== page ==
The recent political upheaval in the city caused by the now-suspended controversial extradition bill has put the courage of Hongkongers on full display to the world.
I have many friends who are not in the church , whom I have talked to said although they had been saddened by the recent violence erupted during protests against the extradition bill, they have nonetheless remained proud of being Hongkongers.
The core character of being a Hongkonger was to have the durability and resilience to withstand and overcome all kinds of challenges and difficulties. I listened on Beyond Today by Steve Myers “The Daily Challenges “ God tells us that in everything we do, we should avoid this at all costs. Phil 2:14 Do everything without grumbling or arguing. Let God control our mind and pray for Him to help us not to murmur and not to grumble and complain and certainly I believe God will see us through.
They said as Hongkongers, they found it their obligation as well as their natural desire to love this city unconditionally, and that is what drives them to do their utmost to safeguard their families, their homes, and their future.
One thing that is a markedly Hong Kong characteristic is that despite their individualistic attitude, which is sometimes viewed as being self-centred, Hong Kong people can come together as an unstoppable force. When they act in unison, they can achieve almost anything.
I had a chat with a friend who is a journalist quoted, “ But in some ways, the technology era is altering Hong Kong people’s self-identity by shifting from being internally to externally driven. And social media is certainly having an impact on the formation of their identities. Previously, factors that influenced the formation of the Hong Kong identity were families, peers, communities, and maybe even the mass media All have helped shape their views and how they should perceive themselves. But now this Hong Kong identity can be – and certainly has been – deeply affected by outside factors mostly stirred up by social media. ”
We are thankful To have Terry Franke with us last Sabbath. He gave us an inspiring sermon that strengthened on facing trials at this time. Building the house on the house on the rock is the key foundation and doing GOD’s will.
I am attaching a clip from the newspaper my friend just sent last night and I would like Jimmy to explain more about it.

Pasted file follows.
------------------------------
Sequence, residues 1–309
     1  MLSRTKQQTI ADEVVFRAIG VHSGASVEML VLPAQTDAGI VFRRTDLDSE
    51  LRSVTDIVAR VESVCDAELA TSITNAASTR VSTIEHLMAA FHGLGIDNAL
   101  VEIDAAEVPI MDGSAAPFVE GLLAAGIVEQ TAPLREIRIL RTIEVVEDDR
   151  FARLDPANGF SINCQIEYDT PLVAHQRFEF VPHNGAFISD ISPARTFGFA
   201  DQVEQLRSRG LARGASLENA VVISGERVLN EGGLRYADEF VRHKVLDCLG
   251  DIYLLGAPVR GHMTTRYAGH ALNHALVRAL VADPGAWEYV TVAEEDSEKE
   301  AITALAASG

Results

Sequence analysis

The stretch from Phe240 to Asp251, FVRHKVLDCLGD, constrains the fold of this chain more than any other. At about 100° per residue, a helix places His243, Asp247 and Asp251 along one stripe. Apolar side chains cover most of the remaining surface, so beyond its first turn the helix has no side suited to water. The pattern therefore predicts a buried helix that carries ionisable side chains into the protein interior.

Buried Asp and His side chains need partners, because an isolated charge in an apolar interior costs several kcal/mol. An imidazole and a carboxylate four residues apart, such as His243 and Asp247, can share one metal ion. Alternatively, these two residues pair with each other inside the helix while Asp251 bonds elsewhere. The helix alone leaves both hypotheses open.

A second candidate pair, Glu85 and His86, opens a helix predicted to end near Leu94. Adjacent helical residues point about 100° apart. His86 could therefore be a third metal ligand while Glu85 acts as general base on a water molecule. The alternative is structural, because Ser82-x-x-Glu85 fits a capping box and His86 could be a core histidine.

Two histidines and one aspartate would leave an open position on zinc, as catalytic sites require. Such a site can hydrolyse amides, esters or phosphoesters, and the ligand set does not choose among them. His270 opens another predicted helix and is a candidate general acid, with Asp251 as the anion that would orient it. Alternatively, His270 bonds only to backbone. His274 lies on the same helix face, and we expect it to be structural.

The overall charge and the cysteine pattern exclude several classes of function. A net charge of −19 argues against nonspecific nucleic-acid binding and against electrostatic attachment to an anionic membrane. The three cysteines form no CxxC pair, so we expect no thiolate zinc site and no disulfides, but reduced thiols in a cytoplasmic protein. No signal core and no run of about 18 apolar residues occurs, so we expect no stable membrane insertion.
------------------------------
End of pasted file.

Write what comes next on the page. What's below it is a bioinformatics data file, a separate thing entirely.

With all the chaos going on every weekends since last June 2019 , I am able to teach on every Sunday. “It is wise to keep away from the Venues where the protesters are.” This is my advice to my teen students. I am glad none of my secondary and some university students aren’t boycotting their classes at schools .
In conclusion, I would say Hong Kong is still a beautiful city to visit and live in.
“Hong Kong, one of the world’s most densely populated metropolises, is filled with a rich combination of Asian and Western cultures. Both of these cultures actually made this city a dynamic place. An Oriental Pearl to show us how this city manage to balance its traditional Chinese practices with a fast paced yet modern lifestyle.”
Most people will associate Hong Kong with its busy urban streets and iconic harbour skyline. We can easily experience the busy scene on the streets, at the MTR stations or bus stops where people running from one street to the other, catching trains and buses all the time – the volume of foot traffic is way beyond scary! The city is packed with tall skyscrapers, countless shopping malls and congested streets – everyone is busy earning a living.
There are plentiful of buses passing by on the streets, and most are air-conditioned. The double-deckers are the popular choice because you can sit near the front on the top deck to catch all the excitement and feel the pulse of the city life.
It is impressive to see beautiful traditional and contemporary architecture peppering the iconic skyline of Hong Kong where space is at a premium. The limited land available for construction has also led to a concentrated high-rise environment and high population density. In the recent years, the new architectures in Hong Kong tend to be focused on providing more public green spaces that combine environmentally friendly concepts together with cultural exchanges, aiming to improve the quality of life of people.